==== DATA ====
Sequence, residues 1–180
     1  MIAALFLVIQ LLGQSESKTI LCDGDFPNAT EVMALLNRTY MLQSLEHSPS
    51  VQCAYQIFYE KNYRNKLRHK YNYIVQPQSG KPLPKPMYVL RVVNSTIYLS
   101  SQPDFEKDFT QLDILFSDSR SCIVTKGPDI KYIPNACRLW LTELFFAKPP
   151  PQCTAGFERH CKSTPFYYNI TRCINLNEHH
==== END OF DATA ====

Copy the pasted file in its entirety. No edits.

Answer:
Sequence, residues 1–180
     1  MIAALFLVIQ LLGQSESKTI LCDGDFPNAT EVMALLNRTY MLQSLEHSPS
    51  VQCAYQIFYE KNYRNKLRHK YNYIVQPQSG KPLPKPMYVL RVVNSTIYLS
   101  SQPDFEKDFT QLDILFSDSR SCIVTKGPDI KYIPNACRLW LTELFFAKPP
   151  PQCTAGFERH CKSTPFYYNI TRCINLNEHH